Kiwi chicks: NZ's female musicians tell their stories

Geoffrey Barnett reviews Kiwi Rock Chicks: Pop Stars and Trailblazers, by Ian Chapman

Ian Chapman
HarperCollins, $44.99, pbk

The first thing I did after receiving this book for review was apply the Jenny Morris litmus test.

Morris is my all-time favourite Kiwi rock singer, so for this lavishly illustrated softcover to have any credibility, in my opinion, it had to do justice to the sexy, multitalented former member of the Crocodiles.

After turning to page 142, I was satisfied that it did.

A gorgeous on-stage photo is followed by a rundown of her life and career, in her own words.

The book features 54 of New Zealand's best female rock, pop and crossover singers, all telling their own stories.

Many of the younger singers I had not heard of until now, so reading about them has been an education as well as a pleasure.

Along with an autobiography, a discography is included for each performer.

Author Ian Chapman says the book is a celebration of Kiwi female artists.

''The desire to raise a trumpet and blow a well-deserved and overdue fanfare to these super-talented women is ... the primary motivation ... ''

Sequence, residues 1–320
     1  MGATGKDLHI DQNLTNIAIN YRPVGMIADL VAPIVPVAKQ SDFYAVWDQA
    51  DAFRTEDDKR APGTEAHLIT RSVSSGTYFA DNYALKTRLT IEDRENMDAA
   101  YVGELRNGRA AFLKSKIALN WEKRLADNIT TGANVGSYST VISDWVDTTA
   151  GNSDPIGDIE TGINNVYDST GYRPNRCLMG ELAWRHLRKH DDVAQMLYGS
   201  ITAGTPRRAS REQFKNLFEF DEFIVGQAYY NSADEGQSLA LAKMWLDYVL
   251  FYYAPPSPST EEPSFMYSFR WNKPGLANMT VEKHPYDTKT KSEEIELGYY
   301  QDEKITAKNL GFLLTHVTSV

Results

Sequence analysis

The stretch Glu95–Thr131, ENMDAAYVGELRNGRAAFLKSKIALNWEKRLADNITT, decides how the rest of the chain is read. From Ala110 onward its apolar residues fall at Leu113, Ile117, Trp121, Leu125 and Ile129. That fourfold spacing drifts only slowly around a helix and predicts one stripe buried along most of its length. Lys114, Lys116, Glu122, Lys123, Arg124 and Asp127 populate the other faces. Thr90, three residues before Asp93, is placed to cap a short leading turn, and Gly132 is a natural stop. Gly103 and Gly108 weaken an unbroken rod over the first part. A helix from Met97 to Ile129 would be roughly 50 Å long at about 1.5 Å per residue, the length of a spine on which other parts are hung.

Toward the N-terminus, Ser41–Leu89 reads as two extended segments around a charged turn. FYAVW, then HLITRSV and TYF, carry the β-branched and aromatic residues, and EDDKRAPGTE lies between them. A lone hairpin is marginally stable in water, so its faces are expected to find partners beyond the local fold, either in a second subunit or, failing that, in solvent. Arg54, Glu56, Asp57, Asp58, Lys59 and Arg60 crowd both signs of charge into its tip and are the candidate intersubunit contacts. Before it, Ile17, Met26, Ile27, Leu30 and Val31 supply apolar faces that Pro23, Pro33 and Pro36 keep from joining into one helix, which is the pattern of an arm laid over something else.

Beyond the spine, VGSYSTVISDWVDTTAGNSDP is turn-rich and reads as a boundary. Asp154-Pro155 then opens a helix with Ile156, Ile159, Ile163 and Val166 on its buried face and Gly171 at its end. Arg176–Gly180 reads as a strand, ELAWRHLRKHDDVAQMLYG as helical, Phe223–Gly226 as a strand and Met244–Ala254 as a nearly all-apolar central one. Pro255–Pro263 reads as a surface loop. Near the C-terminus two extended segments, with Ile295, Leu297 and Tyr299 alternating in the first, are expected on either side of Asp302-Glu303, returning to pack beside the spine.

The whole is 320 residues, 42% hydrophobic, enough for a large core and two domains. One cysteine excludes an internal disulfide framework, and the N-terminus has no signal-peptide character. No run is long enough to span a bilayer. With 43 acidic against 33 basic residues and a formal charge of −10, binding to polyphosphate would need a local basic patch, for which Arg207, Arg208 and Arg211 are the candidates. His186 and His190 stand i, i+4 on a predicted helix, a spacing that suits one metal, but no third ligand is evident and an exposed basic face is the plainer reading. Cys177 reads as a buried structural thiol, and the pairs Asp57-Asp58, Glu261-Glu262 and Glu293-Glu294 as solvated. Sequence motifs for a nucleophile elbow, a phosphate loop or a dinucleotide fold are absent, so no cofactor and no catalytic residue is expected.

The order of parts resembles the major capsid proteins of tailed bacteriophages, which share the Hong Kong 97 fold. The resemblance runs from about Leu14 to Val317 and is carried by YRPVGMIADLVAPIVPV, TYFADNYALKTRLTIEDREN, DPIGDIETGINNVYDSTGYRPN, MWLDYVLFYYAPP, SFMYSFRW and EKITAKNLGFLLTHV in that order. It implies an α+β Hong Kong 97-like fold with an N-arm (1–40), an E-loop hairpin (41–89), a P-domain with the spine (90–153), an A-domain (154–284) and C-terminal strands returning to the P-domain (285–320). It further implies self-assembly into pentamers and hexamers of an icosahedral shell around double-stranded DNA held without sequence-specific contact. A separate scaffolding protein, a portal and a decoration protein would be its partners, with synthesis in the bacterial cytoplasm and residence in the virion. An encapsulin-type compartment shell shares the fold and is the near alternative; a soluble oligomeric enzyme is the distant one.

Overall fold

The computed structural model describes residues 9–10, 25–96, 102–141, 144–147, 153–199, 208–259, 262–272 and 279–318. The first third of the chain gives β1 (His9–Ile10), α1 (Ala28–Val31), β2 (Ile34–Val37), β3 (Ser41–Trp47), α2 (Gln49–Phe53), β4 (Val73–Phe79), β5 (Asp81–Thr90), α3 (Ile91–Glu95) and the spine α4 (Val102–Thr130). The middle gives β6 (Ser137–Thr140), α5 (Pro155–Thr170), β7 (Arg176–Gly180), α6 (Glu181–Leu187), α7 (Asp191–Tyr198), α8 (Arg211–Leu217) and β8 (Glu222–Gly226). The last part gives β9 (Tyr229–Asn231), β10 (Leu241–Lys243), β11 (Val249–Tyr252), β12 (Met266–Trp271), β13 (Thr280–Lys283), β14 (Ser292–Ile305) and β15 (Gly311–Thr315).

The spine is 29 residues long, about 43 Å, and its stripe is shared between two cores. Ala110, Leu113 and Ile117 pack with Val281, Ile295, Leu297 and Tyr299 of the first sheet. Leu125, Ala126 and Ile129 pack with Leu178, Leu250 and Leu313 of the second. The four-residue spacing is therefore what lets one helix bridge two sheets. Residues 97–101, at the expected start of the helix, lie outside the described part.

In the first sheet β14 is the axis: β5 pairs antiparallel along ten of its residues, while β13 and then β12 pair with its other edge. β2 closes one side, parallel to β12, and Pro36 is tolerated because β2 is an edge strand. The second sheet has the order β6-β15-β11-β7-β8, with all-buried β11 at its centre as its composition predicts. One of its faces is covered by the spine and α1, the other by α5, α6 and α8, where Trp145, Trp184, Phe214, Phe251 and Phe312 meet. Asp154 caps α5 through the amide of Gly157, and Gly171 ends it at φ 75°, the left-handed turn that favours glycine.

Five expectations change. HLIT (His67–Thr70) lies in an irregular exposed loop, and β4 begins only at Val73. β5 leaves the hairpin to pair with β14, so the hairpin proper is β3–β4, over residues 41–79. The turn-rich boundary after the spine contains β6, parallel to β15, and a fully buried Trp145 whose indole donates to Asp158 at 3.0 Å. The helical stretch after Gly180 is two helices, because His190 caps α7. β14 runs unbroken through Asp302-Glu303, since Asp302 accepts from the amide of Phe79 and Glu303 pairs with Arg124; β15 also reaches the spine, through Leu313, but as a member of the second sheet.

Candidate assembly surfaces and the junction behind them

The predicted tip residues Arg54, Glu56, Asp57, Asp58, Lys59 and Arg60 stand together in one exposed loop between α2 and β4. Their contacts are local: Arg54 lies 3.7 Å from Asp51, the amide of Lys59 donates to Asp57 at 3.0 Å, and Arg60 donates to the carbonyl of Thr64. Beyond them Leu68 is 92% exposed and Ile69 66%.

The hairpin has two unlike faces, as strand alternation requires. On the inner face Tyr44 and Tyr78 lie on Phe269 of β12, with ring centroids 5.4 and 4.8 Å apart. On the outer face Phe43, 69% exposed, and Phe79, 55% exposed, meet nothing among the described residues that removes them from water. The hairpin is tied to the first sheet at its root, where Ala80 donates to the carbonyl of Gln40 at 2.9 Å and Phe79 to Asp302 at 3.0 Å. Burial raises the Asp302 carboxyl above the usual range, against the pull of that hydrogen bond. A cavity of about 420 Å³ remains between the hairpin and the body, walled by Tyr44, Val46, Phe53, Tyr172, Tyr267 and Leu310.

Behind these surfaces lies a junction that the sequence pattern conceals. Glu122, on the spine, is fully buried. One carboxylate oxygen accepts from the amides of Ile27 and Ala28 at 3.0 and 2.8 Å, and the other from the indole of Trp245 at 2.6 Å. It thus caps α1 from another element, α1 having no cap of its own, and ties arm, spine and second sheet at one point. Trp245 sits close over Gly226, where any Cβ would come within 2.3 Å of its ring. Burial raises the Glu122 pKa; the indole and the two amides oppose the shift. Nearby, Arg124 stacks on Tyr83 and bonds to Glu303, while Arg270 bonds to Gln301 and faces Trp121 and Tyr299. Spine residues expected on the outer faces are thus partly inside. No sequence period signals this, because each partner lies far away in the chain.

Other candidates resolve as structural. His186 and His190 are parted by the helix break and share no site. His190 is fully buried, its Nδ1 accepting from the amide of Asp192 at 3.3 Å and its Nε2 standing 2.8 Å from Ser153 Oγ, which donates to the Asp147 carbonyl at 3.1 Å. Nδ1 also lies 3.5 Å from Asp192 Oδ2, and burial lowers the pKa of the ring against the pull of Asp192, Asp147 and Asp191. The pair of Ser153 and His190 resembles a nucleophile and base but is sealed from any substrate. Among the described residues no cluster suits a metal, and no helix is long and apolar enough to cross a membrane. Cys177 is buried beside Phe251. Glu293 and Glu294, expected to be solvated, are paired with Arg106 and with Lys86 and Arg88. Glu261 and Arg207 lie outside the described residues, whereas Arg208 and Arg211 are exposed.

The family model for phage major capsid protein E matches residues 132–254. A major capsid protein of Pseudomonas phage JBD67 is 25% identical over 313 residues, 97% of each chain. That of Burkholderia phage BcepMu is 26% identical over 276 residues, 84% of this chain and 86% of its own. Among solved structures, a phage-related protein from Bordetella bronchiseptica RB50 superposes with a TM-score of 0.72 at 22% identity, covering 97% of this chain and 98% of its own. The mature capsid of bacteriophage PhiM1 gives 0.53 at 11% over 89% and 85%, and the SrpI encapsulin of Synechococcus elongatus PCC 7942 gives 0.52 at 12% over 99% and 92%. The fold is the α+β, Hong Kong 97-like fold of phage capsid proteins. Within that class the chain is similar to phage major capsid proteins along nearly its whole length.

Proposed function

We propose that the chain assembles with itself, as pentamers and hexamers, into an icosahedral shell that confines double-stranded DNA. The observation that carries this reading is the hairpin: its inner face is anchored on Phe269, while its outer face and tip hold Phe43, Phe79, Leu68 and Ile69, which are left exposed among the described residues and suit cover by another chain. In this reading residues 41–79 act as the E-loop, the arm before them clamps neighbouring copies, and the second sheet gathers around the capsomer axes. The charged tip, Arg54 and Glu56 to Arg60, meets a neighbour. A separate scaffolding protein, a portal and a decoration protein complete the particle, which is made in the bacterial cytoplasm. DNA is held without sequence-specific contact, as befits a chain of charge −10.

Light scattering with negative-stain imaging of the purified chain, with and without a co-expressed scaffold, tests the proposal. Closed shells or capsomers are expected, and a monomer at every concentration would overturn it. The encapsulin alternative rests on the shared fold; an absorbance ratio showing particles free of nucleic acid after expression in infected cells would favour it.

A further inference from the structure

As a university music lecturer, Chapman also felt that while his students had a good knowledge of female artists of the past 20 years, they knew little about the trailblazing women singers of the 1960s, '70s and '80s, and he wanted to address that imbalance.

He's done a fine job, and older readers hoping for pages devoted to the likes of Sandy Edmonds, Suzanne Lynch, Rochelle Vinsen, Annie Whittle and Cathy Howe won't be disappointed.

All the newer stars, such as Bic Runga, Brooke Fraser, Anika Moa and Dunedin-born Annah Mac are included.

Debbie Harwood says in the foreword: '' ... New Zealand women singers/musicians have enormous public appeal but little respect from the [music] industry, which has been reflected in the books written and documentaries made. The public, however, love them!''

This book is beautifully presented and, as Chapman says, long overdue.

Geoffrey Barnett is a Dunedin journalist.


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